Beginnerís Guide to an Australian Shepherd Puppy
Author: Camille Goldin
The origins of the Australian Shepherd aren't actually grounded on the continent of Australia. The predecessors to the breed did make a small trip to Australia, but they quickly moved on to the western United States. Since the previous owners came from Australia, the name stuck. With their movements came sheep and that's what they were trained to work with. In the 1800's the breed was fine tuned giving it several unique characteristics. It is a nice compact, medium sized dog averaging 45 to 50 pounds in weight and 20" high at the shoulders. Their coats have a soft, thick undercoat with a slightly wiry top coat. This allows them to be physically able to live outside, but they need human contact and thus are not emotionally suited to a life in the yard.
Understanding a dog's history goes a long way to understanding a breed as a whole. As a herding dog, Australian Shepherds like to herd children, cats, other dogs and anything they may perceive as livestock. This is an instinct that has been selectively bred into the Aussie. You may not see this behavior early on in your puppy's life, but as they mature, you will begin to notice the signs of herding (like nipping at heels, body slamming, posturing, stare downs and the like). You want to prepare your Australian Shepherd with training to help curb that behavior into an appropriate release - no nipping on human heels. As the Australian Shepherd is a quick learner, you may find your training progresses easily, but don't let that fool you. Keep instilling the trained behaviors in then, not to prevent their inherent instincts from coming out, but to control them when they do.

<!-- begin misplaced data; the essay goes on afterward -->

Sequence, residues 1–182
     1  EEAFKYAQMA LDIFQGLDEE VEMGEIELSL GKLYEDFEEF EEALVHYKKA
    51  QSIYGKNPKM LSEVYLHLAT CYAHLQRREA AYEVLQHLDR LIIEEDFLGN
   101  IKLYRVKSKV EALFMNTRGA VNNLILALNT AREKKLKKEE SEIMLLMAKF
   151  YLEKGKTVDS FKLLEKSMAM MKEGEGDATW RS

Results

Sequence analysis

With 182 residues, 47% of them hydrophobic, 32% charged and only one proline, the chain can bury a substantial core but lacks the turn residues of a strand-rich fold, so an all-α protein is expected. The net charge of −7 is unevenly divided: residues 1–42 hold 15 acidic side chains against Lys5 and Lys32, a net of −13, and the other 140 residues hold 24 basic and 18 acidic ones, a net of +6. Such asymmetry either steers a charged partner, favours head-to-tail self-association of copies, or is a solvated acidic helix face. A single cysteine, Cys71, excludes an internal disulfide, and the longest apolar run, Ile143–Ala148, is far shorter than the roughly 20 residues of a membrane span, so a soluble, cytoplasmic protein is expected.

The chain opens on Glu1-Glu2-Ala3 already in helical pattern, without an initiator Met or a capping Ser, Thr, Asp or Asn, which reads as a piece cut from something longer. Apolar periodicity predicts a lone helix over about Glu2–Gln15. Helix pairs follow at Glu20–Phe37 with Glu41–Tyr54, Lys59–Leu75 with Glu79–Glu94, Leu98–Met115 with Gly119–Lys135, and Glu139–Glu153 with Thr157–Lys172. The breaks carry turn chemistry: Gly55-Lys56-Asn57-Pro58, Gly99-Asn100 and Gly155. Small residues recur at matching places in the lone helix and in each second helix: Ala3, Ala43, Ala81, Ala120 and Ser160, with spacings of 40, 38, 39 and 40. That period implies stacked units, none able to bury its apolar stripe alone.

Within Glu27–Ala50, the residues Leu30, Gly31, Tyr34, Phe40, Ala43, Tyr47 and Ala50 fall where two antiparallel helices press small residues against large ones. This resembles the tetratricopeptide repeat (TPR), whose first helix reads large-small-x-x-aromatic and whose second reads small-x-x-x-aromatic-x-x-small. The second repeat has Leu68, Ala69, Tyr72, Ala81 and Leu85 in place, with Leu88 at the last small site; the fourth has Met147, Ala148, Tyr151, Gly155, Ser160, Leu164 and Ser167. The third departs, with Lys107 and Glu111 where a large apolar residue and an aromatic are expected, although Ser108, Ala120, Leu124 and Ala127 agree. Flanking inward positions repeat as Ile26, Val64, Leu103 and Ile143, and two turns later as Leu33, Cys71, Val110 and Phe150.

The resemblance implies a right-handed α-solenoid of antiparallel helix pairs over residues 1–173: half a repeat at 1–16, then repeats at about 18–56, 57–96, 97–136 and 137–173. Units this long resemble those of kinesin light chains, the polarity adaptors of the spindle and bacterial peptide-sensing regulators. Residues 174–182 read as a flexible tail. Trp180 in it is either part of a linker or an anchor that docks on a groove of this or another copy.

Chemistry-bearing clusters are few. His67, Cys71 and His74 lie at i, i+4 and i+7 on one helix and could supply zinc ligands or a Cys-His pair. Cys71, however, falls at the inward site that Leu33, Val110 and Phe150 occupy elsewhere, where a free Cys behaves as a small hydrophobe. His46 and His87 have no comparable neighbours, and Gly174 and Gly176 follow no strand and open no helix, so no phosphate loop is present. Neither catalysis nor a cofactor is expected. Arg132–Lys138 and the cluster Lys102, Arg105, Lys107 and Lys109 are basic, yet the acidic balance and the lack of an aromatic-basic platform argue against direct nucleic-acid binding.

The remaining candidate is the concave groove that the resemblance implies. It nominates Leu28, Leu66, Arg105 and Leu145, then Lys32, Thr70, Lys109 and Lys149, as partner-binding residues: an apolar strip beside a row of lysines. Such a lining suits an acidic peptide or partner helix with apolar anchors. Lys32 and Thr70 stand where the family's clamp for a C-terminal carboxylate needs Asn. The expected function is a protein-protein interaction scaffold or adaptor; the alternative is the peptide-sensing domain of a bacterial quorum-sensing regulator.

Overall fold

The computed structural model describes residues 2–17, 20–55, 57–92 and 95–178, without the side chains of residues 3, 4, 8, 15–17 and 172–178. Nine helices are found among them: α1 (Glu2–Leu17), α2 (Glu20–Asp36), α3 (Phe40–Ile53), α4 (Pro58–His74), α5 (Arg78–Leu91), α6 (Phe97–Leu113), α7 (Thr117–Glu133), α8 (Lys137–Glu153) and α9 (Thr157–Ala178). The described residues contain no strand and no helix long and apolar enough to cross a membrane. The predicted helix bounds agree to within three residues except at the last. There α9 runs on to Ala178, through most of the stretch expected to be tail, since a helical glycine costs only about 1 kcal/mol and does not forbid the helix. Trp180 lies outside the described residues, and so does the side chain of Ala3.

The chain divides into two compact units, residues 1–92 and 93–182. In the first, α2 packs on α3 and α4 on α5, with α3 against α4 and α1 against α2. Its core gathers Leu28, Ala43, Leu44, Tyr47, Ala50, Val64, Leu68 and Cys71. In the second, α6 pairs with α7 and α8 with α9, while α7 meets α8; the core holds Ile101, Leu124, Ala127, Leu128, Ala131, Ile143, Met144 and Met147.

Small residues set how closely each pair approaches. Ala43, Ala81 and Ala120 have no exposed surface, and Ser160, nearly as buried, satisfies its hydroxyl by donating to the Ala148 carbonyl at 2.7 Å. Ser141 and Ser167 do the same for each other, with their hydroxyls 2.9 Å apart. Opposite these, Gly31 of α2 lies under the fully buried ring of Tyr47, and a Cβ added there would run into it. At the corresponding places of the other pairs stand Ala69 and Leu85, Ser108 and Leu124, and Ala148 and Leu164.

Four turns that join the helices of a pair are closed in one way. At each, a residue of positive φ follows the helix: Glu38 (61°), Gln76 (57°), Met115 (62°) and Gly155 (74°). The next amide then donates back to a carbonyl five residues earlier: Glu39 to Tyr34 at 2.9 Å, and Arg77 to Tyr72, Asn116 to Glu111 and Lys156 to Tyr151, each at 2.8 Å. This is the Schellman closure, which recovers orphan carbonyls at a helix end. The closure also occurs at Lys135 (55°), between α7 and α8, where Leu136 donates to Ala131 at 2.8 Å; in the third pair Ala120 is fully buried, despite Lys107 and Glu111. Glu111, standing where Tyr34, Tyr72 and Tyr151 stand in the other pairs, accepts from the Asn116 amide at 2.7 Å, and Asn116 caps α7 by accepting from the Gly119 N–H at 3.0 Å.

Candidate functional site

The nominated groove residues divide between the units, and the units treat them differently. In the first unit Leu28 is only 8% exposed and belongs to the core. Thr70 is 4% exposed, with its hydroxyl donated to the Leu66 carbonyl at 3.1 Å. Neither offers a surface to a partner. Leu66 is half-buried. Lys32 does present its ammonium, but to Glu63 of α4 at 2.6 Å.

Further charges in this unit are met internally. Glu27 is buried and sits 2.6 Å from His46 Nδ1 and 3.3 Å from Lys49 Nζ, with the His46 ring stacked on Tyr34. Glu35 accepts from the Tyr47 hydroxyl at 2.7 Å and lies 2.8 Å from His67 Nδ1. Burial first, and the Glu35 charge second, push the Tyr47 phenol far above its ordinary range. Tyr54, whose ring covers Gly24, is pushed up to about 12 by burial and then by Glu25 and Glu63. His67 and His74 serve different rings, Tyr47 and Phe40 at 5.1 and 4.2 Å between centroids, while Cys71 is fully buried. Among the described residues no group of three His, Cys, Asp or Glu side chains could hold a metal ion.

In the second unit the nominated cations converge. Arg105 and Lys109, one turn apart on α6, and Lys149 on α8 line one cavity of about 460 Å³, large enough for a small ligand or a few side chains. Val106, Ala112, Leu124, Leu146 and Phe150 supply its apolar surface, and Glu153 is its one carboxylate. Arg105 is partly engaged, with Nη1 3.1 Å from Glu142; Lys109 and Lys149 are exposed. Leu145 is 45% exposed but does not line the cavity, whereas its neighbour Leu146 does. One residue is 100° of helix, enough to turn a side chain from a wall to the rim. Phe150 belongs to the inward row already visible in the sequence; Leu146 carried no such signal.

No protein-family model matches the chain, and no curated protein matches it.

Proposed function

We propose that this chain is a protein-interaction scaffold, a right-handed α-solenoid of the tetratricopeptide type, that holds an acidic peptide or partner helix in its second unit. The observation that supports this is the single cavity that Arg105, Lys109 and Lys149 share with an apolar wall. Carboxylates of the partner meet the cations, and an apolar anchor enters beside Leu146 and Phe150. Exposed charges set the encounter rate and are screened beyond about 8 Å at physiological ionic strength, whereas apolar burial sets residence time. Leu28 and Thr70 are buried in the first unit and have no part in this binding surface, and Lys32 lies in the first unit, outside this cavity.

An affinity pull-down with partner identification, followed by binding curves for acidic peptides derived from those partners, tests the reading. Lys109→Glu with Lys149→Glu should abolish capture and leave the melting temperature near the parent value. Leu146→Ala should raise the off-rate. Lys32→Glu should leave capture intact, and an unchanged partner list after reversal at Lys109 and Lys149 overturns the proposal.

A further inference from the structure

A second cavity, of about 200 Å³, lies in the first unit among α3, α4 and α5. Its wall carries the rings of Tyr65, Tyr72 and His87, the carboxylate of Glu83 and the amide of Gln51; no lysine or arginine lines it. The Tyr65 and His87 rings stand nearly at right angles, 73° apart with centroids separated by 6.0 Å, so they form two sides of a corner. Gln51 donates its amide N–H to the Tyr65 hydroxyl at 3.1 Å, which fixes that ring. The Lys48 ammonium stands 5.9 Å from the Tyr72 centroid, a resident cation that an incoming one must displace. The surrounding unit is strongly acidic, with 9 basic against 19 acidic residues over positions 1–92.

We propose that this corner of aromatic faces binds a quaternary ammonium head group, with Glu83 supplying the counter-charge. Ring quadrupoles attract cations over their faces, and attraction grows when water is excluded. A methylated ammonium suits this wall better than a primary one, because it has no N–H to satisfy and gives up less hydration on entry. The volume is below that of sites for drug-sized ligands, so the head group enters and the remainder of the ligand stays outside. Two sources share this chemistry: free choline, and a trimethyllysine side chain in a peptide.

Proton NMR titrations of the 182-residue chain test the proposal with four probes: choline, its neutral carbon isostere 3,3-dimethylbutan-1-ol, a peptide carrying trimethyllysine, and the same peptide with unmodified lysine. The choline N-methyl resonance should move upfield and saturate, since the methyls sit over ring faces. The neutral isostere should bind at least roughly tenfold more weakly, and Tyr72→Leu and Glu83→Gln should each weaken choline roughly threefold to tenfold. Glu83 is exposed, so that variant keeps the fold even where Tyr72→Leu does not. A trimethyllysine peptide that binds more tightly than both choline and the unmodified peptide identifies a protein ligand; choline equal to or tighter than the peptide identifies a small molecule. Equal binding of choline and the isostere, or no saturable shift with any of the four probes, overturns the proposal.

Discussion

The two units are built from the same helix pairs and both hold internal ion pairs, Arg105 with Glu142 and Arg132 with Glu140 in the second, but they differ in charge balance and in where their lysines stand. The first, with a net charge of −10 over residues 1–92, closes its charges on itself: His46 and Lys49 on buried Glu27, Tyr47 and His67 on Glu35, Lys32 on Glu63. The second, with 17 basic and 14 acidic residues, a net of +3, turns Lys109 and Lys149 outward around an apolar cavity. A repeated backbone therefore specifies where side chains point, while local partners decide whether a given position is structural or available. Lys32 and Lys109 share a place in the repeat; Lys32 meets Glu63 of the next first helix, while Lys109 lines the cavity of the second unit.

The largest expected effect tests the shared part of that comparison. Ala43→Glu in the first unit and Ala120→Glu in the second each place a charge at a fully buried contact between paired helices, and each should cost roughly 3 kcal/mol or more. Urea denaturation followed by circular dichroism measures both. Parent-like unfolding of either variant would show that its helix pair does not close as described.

One of the most important things to teach an Australian Shepherd puppy is the "come" command. As herders and subtle guardians, they need a good recall instilled in them. Aussies are not only intelligent, quick learners, they are problem solvers. This ability allows them to make decisions, some good and some bad. Other commands like sit, stay, no, run and fetch are great to teach them early on. You also want to get them used to a routine. Set up play time, run time and relax time and stick to it. This will help you to keep your Australian Shepherd out of trouble as they will know what to expect and can look forward to it.
When they grow up, your Australian Shepherd will need to be exercised on a daily basis. This is where extensive training comes. You can begin to train your puppy to stay for longer periods of time before they chase after that tennis ball. They can be trained to perform helpful tasks like pulling the kids up a small slope on a sled. Agility training is also a great and fun outlet for their energy and mental stimulation.
An Australian Shepherd makes a great companion for families, individuals, farms, etc. and with the proper training and exercise can be lifelong partners (their average lifespan is 13 years). So, be sure to start training early, set up a schedule that is enjoyable for all and most importantly have fun with your Aussie.
About the author: Camille Goldin, narrates how you can handle your Australian Shepherd puppy from Day 1. Visit TrainPetDog.com to learn about puppy care and training your Dog.
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